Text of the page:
• They, like Russia have bought gold for their central bank to be a weighted part of the SDR, should that happen, but not to fight the US, just to not be left out.
OpTwoMistic's picture

China has no external debt period and more than enough gold to back a gold backed currency. You will walk one morning and gold will be 5k an ounce and the dollar is gone. Russia is working on the same and Mexico is considering a silver backed peso. You do not back a currency with bullshit.

Just keep getting up every morning.

LasVegasDave's picture





Nuff said

illuminatus's picture

(Shvets)   he said. “Remember, the people at the Fed and the Bank of England are not supermen, they are people with an above average IQ trying to do a very difficult job in a highly complex environment.”

It may be a highly complex environment, and the people at the Fed and the BOE may have an above average IQ, but in the only sense their job is difficult is in the sense that they have to come up with new ways to fuck over we the sheeple.

GRDguy's picture

Yep, lyin' stealin' and killin' profitably and not going to jail is a "very difficult job in a highly complex environment."

PhoQ's picture

See? Another human job that probably can't be done by robots.

SgtShaftoe's picture

Gold did a fine job all itself.  There's no moving parts, palatial buildings to house hundreds of people or any centralization.  Gold is mined into existence through a transaction of arbritrage. 

kliguy38's picture

Watta douche bag blaming "productivity loss" on the machine curve.....How bout looking at what's right in front of your eyes......CORRUPTION of a debt ridden system that is robbing the rotting corpse of a public from its last morsels of flesh.......BWAAAAAAAAAAAAAAAAA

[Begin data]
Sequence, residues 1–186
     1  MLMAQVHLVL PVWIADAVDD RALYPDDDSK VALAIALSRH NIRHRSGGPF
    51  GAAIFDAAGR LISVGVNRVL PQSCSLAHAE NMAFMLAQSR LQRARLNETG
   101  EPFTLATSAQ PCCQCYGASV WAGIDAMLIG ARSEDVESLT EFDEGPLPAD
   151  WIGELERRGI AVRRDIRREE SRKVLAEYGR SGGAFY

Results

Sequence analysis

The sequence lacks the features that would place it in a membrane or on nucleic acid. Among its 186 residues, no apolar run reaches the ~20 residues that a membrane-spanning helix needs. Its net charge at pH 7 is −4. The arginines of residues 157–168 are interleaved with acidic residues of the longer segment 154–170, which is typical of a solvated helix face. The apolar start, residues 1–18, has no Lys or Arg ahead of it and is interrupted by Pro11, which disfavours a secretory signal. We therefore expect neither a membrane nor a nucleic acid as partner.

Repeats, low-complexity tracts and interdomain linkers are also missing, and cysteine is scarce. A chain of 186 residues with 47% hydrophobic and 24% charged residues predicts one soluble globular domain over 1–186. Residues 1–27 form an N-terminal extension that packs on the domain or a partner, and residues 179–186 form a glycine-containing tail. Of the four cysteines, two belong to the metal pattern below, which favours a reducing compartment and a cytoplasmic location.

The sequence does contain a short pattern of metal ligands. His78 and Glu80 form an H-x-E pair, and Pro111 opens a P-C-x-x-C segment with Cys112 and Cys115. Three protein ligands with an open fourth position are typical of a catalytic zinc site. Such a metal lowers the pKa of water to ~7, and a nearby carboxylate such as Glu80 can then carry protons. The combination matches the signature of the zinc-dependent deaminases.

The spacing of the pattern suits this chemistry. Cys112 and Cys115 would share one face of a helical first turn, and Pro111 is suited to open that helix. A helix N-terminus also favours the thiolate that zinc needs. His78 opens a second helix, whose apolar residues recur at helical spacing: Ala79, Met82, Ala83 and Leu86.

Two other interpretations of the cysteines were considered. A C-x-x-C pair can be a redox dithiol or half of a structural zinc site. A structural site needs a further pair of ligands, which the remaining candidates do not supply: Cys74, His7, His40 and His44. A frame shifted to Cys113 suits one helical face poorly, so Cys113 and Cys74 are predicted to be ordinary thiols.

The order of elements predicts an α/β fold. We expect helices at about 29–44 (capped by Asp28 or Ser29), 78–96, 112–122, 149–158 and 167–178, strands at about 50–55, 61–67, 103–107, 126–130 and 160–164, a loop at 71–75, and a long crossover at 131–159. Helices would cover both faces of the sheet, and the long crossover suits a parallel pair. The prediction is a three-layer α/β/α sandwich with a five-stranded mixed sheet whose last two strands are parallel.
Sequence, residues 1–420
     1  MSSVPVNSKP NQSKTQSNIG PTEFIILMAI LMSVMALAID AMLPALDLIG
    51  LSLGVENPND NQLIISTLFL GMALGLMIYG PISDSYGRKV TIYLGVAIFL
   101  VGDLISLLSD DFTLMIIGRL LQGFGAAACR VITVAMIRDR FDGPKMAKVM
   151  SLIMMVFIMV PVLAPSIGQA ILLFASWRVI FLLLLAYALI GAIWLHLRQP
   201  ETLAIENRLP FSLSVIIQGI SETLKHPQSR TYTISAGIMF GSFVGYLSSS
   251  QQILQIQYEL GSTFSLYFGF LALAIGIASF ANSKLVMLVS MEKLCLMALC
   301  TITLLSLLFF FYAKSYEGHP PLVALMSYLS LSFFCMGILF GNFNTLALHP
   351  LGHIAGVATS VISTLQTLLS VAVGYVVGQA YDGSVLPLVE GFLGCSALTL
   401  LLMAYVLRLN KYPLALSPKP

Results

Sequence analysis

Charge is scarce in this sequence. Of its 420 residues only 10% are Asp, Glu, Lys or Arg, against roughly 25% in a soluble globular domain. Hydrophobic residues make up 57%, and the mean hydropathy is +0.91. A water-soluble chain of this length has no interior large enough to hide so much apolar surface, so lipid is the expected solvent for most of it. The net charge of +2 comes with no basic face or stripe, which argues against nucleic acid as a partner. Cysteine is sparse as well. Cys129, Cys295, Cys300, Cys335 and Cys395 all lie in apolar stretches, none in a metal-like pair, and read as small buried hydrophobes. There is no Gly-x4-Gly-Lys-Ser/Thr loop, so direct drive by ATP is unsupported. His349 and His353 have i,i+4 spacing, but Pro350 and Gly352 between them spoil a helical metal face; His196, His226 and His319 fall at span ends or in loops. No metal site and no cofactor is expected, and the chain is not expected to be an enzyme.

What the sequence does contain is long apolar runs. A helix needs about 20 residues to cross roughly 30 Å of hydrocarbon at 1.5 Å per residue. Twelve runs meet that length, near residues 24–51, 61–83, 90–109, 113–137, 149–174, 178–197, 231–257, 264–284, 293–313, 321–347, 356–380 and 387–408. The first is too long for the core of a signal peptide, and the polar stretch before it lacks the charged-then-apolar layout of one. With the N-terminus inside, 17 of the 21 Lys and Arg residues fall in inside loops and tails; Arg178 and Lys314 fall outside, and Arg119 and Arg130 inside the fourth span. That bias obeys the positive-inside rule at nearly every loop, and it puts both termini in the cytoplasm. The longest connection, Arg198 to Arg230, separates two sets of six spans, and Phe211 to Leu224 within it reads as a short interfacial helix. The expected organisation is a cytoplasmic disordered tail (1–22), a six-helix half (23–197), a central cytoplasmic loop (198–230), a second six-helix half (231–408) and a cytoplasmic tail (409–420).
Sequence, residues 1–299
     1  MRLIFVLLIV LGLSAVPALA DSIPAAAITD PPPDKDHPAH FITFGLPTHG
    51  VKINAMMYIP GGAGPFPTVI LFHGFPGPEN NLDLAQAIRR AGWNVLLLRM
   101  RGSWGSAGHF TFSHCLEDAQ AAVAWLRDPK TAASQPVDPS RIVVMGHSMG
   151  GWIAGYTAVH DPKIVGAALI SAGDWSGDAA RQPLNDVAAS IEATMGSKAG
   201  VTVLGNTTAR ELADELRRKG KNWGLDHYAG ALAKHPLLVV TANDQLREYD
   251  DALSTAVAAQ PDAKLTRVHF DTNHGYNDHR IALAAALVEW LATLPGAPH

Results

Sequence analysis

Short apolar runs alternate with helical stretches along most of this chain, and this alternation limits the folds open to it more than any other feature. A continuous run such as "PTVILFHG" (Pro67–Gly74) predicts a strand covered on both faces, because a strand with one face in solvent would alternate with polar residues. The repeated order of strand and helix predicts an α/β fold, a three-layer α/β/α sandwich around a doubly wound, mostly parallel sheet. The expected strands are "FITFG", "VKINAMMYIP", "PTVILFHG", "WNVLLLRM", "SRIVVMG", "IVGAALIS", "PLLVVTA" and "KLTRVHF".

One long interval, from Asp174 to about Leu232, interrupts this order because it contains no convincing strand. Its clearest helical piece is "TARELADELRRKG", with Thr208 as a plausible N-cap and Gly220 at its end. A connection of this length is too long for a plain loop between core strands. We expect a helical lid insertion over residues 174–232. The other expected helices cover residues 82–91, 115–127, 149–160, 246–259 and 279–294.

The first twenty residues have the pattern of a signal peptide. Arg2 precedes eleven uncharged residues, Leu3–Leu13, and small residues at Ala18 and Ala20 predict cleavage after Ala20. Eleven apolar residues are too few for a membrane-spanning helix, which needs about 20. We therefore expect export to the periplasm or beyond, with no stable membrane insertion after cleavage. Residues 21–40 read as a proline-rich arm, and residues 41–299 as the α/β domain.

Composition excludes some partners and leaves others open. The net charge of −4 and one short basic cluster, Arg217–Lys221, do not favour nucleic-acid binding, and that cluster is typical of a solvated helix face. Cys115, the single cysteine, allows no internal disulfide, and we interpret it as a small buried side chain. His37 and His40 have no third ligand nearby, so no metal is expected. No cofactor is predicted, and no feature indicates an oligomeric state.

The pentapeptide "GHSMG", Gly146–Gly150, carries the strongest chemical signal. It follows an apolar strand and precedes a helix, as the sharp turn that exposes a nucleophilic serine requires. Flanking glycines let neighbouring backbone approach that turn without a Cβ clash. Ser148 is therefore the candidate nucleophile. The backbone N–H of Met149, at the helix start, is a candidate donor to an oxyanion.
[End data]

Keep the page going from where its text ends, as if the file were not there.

JRobby's picture

Corruption destroys productivity and it seems everyone wants to grow up to be corrupt these days. It is glamorized.

The "bankster mentality". Movies and "TV Series" that make the bad guys the hero. When was the last time you saw a movie where the bad guy is torn apart by an angry mob? This idiotic "law and order, we are too civilized for deadly retribution" bullshit is what allows bad people to ruin the lives of millions and the state to execute people who in some cases did not even commit a crime.

It is ALL CONTROL MECHANISMS. Justice is metered out by a corrupt process. Everything is metered out by a corrupt process.

RaceToTheBottom's picture

Finally a good article to read today on ZH.

Was getting tired of reading articles by central bankster apologists...


Troy Ounce's picture



On the other hand. Why would Shvet care?

The mob will kill him first. They will demand to return their money, deposit and pensions.

He obviously is unaware.

reader2010's picture

Pure bullshit. Useless humans? Machines are better? Tell that to those who own defense contractor companies whose business has never been this better.  When you detect BS,  say something.

kliguy38's picture

yup.....pure scholarly research that is intended to deflect the blame from the central planners from hell

reader2010's picture

No its pure brainwashing and it ain't academic research. at all. It's propaganda for Moar Neoliberalism. The message for the unwashed masses is the following : be fearful,  not to complain,  be happy with your shitty pay and lousy work conditions,. They used to scare you that commies were coming to take your houses and wives. Now they scare you with their robot automation shit. Why don't they just use their highly sophisticated machines to replace those cocksuckers who churn out these useless shit?  That makes you wonder.

wet_nurse's picture

Didn't this guy ever hear about John Henry?

centerline's picture

China is screwed. So are we. Smoldering pits to be.

Mean-reversion?  The author isn't moving far enough back in history with his definition of the "mean."

CHX's picture

Reversions are quite often mean...

robertocarlos's picture

Well then, I don't need gold because I won't be here after the war. Guess I'll spend the fiat on hookers and blow.

Due North's picture

Which is why "they" left the memo pertaining to a 500 million cap in Elberton.

ACES FULL's picture

Might be a good idea to live near there. Surely they don't wanna blowup their Guidepost.

Due North's picture

More likely in New Zealand. That's where I understand most of their ilk are domiciling these days.

JRobby's picture

Assume much of the southern hemisphere will fare better. Northern? Not so much.

I see I have A fan

Due North's picture

It's spooky because I don't think I made the cut!

Son of Captain Nemo's picture

Then Viktor what you are suggesting is we're all dead and all that Au and Ag will need a geiger counter with every purchase to let the remaining dwellers know if it is safe or not to "hold"?!!!

Son of Captain Nemo's picture


Unfortunately Viktor got it all right!!!

Oldwood's picture

Fuck investing.